I don’t usually get worked up about gender issues, but I am dismayed with how few women there still are in the high-tech industry in 2011 versus 20 years ago.
As technology becomes increasingly integral to business sustainability and to society, I feel my sex is missing out--which means the industry likewise is shortchanged on the woman’s perspective. I liken it to running a medical research trial and neglecting to include women and girls in the clinical sample.
The U.S. Bureau of Labor Statistics figures that of the roughly 537,000 people working as computer and information systems managers in 2010, 70.1 percent were men. If you do the math, that means only 29.9 percent were women. I don’t know what the figures were for 1991 when ZDNet burst onto the scene, but it is still a massive inequity. The percentages get even more skewed when you look at more technical careers.
Why do women shy away from technology? I think it has a lot to do with how girls are guided in elementary and high school. It also has to do with how we are treated once we get here. Consider the experience I had at my first major technology trade show in 1991: the now defunct Computer Dealer Exposition (aka Comdex). On the first day, I arrived for an appointment, where I was confronted by four seated men. Here’s how the conversation unfolded:
Man #1: “Great to meet you, have a seat and we’ll get started.” Me, noticing there are no free chairs: “Thanks, where?” Man #1, patting knee: “How about right here?
Fortunately, I have six brothers and stepbrothers so I got over it, and women are pushing forward, albeit more slowly than I would like. The gallery, "Women of tech: few but mighty," offers suggestions of a few rule-breaking women that have made/or are making an impact in the past 20 years. My list includes:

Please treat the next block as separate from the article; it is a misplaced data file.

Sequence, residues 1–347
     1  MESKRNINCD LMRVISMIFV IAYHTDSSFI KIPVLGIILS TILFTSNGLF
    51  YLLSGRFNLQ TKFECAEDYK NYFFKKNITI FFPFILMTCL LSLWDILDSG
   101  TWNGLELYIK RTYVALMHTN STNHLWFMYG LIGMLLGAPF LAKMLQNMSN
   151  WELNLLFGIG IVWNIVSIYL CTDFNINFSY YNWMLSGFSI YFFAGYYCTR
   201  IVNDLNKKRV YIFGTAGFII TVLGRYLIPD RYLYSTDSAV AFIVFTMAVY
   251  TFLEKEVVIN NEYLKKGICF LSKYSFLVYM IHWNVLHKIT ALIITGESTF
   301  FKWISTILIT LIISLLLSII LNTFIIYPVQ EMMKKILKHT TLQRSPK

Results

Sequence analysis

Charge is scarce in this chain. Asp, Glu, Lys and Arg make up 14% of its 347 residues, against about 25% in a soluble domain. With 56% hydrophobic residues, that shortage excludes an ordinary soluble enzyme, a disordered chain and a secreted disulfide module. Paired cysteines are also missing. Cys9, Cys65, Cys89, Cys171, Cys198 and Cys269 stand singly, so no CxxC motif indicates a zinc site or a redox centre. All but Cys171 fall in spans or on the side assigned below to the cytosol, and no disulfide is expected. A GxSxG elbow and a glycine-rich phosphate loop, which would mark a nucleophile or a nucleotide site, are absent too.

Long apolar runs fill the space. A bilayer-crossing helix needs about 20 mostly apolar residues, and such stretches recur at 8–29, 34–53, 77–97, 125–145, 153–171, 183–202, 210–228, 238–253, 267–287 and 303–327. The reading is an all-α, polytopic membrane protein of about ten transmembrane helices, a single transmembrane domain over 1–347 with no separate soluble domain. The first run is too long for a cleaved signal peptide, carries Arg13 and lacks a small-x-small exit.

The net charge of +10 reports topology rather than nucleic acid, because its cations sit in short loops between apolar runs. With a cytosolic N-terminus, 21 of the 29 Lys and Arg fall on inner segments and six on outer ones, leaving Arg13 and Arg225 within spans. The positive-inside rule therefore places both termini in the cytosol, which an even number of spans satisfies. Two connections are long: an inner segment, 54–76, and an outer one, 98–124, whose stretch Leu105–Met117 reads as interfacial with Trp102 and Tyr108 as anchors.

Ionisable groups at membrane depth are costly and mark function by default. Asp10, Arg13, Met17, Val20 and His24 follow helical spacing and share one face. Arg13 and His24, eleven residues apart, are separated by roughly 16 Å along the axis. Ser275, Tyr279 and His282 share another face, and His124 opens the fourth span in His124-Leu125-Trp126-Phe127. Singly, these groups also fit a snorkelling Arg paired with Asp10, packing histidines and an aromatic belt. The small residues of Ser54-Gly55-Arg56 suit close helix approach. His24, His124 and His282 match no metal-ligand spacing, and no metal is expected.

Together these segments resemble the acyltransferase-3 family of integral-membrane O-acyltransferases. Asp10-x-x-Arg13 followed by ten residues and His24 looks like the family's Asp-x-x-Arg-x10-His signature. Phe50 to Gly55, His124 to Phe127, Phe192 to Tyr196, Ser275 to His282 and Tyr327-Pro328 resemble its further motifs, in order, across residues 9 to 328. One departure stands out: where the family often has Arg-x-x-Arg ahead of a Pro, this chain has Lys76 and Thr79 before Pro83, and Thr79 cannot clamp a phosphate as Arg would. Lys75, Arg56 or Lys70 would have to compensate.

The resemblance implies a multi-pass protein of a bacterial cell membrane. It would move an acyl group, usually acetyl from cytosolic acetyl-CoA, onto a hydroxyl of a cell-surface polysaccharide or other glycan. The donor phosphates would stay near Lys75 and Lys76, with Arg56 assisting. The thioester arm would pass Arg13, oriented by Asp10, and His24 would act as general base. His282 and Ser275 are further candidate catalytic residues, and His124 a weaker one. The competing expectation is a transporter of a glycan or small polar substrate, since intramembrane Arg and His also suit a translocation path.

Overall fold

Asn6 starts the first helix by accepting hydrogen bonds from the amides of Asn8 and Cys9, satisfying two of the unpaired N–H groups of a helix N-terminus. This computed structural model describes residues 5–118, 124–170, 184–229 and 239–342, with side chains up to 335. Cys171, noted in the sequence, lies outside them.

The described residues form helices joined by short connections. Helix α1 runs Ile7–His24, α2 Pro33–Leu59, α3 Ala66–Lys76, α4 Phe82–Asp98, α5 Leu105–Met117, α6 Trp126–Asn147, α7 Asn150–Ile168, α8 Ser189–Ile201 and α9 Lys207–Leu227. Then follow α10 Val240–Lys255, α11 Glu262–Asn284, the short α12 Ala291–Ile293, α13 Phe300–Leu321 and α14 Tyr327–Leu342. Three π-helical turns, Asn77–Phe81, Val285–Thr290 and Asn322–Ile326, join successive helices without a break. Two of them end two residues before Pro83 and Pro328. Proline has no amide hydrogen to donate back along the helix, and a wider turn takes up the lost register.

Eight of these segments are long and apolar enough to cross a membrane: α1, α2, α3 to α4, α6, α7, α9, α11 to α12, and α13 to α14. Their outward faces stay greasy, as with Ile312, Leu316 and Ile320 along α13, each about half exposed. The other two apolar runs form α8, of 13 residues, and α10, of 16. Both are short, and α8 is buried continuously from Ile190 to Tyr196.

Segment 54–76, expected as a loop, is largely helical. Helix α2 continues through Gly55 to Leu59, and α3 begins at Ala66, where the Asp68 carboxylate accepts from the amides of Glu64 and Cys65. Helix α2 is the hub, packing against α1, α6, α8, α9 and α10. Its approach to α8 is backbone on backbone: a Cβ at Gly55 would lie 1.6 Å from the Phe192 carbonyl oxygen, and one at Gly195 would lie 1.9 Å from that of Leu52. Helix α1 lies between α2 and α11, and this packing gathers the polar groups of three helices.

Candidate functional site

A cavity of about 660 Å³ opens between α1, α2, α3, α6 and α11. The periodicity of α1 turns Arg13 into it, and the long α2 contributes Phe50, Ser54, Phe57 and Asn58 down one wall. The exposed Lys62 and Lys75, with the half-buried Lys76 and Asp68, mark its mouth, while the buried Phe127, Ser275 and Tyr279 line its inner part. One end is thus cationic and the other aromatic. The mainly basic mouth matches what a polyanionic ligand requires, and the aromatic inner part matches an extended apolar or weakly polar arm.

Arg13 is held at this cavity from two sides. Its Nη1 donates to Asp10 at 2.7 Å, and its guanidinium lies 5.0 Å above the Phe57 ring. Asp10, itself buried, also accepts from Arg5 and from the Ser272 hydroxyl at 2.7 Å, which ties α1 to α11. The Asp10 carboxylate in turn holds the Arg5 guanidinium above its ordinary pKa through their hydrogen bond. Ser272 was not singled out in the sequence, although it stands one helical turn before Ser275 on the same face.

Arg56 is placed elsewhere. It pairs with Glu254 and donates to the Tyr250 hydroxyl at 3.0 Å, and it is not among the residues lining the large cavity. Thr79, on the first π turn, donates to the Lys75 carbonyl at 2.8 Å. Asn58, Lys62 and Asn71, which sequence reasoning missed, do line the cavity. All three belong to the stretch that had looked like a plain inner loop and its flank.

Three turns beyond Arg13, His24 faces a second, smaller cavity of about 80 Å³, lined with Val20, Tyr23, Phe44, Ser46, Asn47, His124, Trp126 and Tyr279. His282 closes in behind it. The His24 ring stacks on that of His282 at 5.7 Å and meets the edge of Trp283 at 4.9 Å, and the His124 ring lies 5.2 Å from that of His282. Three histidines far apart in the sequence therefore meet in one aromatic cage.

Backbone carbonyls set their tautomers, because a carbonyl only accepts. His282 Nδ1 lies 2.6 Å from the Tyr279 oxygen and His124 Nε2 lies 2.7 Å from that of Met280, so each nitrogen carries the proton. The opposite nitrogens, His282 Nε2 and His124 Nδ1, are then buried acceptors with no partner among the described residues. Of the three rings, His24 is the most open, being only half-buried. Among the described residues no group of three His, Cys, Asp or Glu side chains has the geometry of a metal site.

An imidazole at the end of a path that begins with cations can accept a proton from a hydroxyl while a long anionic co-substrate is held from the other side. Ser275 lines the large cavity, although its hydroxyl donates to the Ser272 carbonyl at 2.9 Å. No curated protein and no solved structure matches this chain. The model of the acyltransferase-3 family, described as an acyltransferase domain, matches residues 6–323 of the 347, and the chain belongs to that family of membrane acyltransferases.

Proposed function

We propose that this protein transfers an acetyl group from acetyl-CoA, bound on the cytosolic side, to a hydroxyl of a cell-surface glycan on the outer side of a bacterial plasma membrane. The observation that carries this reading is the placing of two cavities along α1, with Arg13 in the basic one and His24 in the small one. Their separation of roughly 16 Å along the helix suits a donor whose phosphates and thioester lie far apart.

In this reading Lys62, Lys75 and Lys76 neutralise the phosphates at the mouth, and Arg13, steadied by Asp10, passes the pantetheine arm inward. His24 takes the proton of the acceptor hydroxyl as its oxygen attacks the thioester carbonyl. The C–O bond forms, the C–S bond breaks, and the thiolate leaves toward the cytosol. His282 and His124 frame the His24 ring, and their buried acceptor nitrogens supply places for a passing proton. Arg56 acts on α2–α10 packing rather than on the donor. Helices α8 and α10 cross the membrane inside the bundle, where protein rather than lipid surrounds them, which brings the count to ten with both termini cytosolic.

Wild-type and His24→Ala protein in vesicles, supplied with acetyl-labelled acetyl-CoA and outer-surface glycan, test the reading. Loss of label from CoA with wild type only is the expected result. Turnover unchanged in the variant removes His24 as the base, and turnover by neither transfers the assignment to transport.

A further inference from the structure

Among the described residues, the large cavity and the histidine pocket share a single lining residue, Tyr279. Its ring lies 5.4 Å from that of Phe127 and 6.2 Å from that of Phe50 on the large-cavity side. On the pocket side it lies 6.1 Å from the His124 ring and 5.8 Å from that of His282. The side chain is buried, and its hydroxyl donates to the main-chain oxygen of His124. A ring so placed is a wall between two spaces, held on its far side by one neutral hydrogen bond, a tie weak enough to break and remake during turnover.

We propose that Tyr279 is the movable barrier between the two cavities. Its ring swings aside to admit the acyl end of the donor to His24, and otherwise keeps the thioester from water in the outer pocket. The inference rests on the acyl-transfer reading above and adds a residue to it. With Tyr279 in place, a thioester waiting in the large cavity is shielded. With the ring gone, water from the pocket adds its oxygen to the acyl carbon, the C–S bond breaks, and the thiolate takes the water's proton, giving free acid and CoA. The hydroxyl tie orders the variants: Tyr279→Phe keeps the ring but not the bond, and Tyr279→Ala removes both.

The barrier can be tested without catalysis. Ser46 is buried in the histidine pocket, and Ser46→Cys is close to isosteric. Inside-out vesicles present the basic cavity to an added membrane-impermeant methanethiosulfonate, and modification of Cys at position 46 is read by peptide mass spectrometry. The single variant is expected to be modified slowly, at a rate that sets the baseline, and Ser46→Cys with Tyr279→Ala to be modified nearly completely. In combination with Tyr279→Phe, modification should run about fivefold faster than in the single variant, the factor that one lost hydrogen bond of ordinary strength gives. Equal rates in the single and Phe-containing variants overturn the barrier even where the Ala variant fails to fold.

Yahoo! CEO Carol Bartz Google Senior Vice President of Business Operations Shona Brown Xerox CEO Ursula Burns Oracle President Safra Catz Palm Computing & Handspring CEO Donna Dubinsky Serial technology entrepreneur Judy Estrin Former Xerox CEO and Chairman Anne Mulcahy HP Executive Vice President Ann Livermore IBM Senior Vice President Virginia Rometty Facebook COO Sheryl Sandberg IBM Senior Vice President Linda Sanford
I purposely omitted leaders who hold more "traditional" women's executive positions in corporate communications, marketing or human resources. Not because I don't think their contributions are critical (they are), but because these are areas where progress has been made over the years. I'm more interested in the women who are breaking the "rules."
In a December 2010 TED Talk video, Facebook’s Sandberg reminds us the gender gap isn’t a technology-specific thing. She suggests three things women can do to start rectifying the situation – and it would be great if the guys reading this would help support these ideas.
- “Take a seat at the table.” Too often, women don’t assert their rightful position. Who knows why. Maybe we’re afraid of being called a bitch or being disliked, common fallout of female assertiveness.
- “Make your partner a real partner.” This is directed primarily at any woman (or man) with children and cuts to the issue of how to ensure mothers and fathers share child-rearing equally if both work outside the home full time.
- “Don’t leave before you leave.” Some women disengage from career challenges before they actually have children. Sandberg says “leaning back” is a career-damaging habit that doesn't just damage the individual but also reflects more broadly across the workplace. Sad, but true.
In the TED video, Sandberg says, the changes that things will change during her own career are minimal. But she’s rooting for her daughter -- AND her son to help usher in meaningful change that will bring more of the woman's perspective to the technology industry -- and, indeed, to corporate America in the larger sense: “I’m hopeful that future generations can [fix this]. I think a world that was run where half of our countries and half of our companies were run by women, would be a better world.”
Who knows, maybe in another 20 years?